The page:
Why London?

Harden’s 2016 restaurant guide epitomises London’s booming food scene. Net restaurant openings – the difference between restaurant openings and restaurant closures - hit a record 123 operators. What makes London such a great place to launch or expand a food business?


London has the second highest GDP per capita in the EU, mainly due to the higher mix of London's social housing in central districts compared to Paris.

Busy lives

Londoners work longer workings days and weeks, often with unpredictable leisure time due to 'on demand' working practices.


Smartphones make it easier to catch up with friends at shorter notice, and to find somewhere convenient and available to meet up.

Foodie DNA

London’s millennials have grown up with a rich and varied food scene. They are fluent in the foodie vocabulary to appreciate and explore it.

Experience economy

If the 1980s were about what you drove or where you lived, the 2010s are more about where you drink and what you eat. Many millennials can’t access the property ladder and are investing in experiences and relationships instead of property or stocks and shares.


Britain was among the first countries to see rapid and intense industrialisation. In an era before mass refrigeration, urban food supply and production became much more processed. In time we would lose touch with home cooking and be ripe and ready for restaurant chains and takeouts.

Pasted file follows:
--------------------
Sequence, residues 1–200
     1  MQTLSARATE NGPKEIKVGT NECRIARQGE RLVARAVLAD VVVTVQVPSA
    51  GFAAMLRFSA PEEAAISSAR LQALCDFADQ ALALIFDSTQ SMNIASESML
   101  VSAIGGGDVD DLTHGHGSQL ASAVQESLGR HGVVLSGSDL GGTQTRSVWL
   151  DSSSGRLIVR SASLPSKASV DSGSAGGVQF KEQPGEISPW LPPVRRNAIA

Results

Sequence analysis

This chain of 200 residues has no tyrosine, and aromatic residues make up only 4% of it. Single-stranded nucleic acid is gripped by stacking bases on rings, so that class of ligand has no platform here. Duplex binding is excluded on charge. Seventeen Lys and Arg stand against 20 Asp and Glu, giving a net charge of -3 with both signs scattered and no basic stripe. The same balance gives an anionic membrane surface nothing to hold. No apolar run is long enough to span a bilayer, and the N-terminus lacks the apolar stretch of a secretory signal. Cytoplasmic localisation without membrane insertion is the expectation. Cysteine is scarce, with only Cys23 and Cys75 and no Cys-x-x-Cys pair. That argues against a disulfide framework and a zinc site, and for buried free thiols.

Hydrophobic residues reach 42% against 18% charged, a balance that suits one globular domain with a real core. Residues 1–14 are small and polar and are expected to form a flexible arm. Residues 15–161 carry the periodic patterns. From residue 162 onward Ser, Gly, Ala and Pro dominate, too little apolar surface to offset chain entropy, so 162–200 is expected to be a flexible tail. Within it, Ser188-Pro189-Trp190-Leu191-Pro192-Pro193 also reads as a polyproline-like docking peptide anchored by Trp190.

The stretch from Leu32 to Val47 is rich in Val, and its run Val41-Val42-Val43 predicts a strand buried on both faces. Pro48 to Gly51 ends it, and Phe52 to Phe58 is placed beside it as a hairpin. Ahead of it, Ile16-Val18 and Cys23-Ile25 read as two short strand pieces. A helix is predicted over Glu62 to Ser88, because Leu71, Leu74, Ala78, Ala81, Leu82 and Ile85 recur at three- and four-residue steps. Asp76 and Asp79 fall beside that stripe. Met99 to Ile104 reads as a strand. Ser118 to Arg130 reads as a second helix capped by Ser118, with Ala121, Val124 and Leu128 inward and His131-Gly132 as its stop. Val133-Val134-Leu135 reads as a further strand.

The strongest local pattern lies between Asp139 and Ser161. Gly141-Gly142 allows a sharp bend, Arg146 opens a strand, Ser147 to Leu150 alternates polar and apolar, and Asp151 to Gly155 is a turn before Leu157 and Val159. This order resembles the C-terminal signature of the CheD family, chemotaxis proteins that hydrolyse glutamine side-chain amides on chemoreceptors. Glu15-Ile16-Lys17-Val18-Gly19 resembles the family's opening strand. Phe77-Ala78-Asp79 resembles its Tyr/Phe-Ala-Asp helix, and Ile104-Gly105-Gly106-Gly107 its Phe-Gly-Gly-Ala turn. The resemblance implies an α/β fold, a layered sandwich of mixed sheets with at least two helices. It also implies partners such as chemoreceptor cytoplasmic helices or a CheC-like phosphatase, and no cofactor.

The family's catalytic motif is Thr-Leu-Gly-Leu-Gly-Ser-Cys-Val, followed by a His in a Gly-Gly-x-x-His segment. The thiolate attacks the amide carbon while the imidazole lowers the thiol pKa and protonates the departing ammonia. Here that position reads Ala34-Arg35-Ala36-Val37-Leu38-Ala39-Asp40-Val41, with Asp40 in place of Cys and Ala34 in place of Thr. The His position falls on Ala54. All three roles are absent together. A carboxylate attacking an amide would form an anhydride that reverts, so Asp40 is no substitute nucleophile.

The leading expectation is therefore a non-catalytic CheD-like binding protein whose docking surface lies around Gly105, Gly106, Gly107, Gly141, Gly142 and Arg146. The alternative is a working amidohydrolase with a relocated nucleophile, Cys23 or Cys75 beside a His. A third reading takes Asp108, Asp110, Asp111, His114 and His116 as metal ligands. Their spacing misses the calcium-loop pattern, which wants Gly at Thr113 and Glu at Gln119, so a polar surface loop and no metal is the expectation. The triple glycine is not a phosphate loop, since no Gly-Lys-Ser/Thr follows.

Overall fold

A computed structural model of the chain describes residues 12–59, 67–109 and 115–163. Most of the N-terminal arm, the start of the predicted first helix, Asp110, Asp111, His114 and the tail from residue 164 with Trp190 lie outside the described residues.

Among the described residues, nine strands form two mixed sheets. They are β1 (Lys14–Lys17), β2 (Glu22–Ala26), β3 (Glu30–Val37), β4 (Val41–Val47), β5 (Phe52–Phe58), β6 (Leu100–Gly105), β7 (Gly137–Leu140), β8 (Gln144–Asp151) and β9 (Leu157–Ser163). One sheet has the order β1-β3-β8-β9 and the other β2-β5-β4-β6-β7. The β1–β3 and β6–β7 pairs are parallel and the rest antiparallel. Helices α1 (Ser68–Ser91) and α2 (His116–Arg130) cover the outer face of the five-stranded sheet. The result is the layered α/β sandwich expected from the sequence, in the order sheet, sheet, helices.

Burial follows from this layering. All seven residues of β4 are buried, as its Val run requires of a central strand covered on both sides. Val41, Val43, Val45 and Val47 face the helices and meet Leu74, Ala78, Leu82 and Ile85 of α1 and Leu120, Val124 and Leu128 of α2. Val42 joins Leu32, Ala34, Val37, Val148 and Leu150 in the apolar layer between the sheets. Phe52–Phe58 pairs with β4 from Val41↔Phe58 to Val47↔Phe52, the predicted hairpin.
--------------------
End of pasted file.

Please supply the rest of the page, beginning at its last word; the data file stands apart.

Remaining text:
While nineteenth century France developed the modern restaurant format as a keystone to their domestic economy, Britain instead sought to build an Empire through international trade. Expatriate Brits' tastebuds were exposed to very different ingredients and flavours.

Post-war escapism

Many post-war Britons were enchanted by the continental glamour of Elizabeth David and others. Foreign cuisines were exotic, colourful – and diverted you from the tedium of ration-book life.

Open taste buds

Britain’s national cuisine was much more loosely embedded  than for example French, Italian or Spanish cooking within their own national cultures. Brits remain much more open to trying a new cuisine.


As post-war immigration accelerated, native Britons increasingly opened their plates to this increasingly diverse stream of new ingredients, dishes and cuisines from around the world, often seeded and expanding from London.